B.C. NDP platform highlights:

• Reduce B.C.’s total greenhouse gas emissions by 40 per cent in 2030

• Fast-track B.C.’s industrial electrification strategy for natural gas and other industries

B.C. Liberal platform highlights:

• Work with Ottawa to review scheduled carbon tax increases in light of the COVID-19 recession

• Encourage retrofitting of B.C. homes and businesses to reduce emissions

B.C. Green Party platform highlights:

• Commit B.C. to be carbon neutral by 2045, matching California

• Implement a moratorium on hydraulic fracturing for natural gas


@tomfletcherbc
tfletcher@blackpress.ca

Like us on Facebook and follow us on Twitter.

BC politicsBC Votes 2020

Get local stories you won't find anywhere else right to your inbox.
Sign up here

Just Posted

Qualicum Beach resident Harold MacDougall won $75,000 off a Casino Royale II Scratch & Win ticket, purchased the ticket at Qualicum Foods on Memorial Avenue. (BCLC photo)
Qualicum Beach man $75K richer thanks to scratch-and-win ticket windfall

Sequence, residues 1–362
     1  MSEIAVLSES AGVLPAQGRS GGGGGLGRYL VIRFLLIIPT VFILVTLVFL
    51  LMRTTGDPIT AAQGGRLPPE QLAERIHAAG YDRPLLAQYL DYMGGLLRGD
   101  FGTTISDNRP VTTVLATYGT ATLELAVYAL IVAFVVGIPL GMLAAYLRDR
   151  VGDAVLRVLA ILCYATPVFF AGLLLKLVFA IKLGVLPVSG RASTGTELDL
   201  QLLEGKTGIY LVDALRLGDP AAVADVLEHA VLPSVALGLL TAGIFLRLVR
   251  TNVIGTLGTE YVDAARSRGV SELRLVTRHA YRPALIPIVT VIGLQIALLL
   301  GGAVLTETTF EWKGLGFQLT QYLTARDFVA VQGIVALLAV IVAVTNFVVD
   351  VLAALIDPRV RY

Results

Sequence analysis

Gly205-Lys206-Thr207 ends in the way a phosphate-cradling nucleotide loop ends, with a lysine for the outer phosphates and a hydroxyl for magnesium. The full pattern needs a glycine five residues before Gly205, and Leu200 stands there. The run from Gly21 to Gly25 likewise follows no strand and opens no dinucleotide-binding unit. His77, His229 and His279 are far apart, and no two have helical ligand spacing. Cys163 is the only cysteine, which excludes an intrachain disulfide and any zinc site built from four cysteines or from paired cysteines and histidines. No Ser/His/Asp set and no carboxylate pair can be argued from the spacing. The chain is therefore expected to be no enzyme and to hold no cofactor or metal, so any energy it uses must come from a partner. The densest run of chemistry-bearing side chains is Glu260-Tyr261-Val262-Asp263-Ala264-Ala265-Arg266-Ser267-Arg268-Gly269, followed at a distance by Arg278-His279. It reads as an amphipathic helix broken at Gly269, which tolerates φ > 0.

MacDougall plans on trips to Cape Breton and Scotland

Regional District of Nanaimo will be receiving $1.17 million from the B.C. government in COVID-19 safe restart grant money. (News Bulletin file)
Regional District of Nanaimo directors getting started on budgeting decisions

Proposed tax requisitions for 2021 range from 7.3-per cent increase to 2.2-per cent decrease

David Darmadi, owner of Kalvas - The Log House restaurant, is offering a sweet initiative for SOS. Guests can bring in a new, unwrapped gift or financial donation for SOS, and receive a free dessert. (Lissa Alexander photo)
Sweet initiative to support Parksville Qualicum Beach residents

‘A lot of our guests are very generous and they want to help out’